12. For those not in the know, multicam® is a restricted trademarked pattern owned by Crye Precision. The trademark, and the resulting royalties, are the primary reason the army rejected it back during their trials, and selected the inferior “Universal pattern” for the ACU.

    My first thought upon seeing this? Tru-spec is trying to copy multicam without actually selling multicam, and thus paying the royalties. Turns out that was wrong.

    A quick look at Crye’s website shows they offer multicam in several patterns: the original multicam, mcam arid, mcam tropic, mcam alpine, and mcam black.

  13. Some may tell me to “Lighten up, Francis,” but I think the thing that stuck in my craw the most about the MultiCam Black roll out was the crap in the promo stuff for it (emphasis mine):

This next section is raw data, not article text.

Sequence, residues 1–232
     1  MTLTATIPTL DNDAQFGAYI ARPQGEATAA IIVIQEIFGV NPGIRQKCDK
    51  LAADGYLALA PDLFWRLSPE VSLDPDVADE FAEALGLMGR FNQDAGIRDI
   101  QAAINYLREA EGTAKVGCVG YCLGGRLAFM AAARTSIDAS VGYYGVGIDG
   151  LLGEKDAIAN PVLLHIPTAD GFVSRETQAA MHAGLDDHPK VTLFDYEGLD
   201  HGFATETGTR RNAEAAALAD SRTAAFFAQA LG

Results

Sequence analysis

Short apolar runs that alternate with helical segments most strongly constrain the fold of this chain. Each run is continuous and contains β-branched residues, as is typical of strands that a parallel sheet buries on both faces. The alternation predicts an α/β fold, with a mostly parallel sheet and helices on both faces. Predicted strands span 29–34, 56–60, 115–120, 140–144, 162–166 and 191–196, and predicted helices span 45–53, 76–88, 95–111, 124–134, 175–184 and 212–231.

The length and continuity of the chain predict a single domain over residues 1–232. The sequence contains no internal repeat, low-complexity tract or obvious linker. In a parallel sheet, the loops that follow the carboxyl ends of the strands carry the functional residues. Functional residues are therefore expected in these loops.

MultiCam® Black was developed to meet the unique needs of law enforcement officers operating in high-risk environments. It projects a distinctly authoritative presence appropriate for domestic operations.

    MultiCam® Black is designed to complement an officer’s existing equipment and present a sharp, professional image for top-tier law enforcement units.

    In other words, more gucci-flage for the local SWAT commander to write up a federal grant for. Kinda makes me nostalgic for my days growing up in Smalltown, USA where the police all drove marked cruisers and wore a proper uniform/hat. Not BDU pants bloused in their combat boots, a T-shirt that has “POLICE” screen printed on it, a ball cap, and hard-knuckle gloves.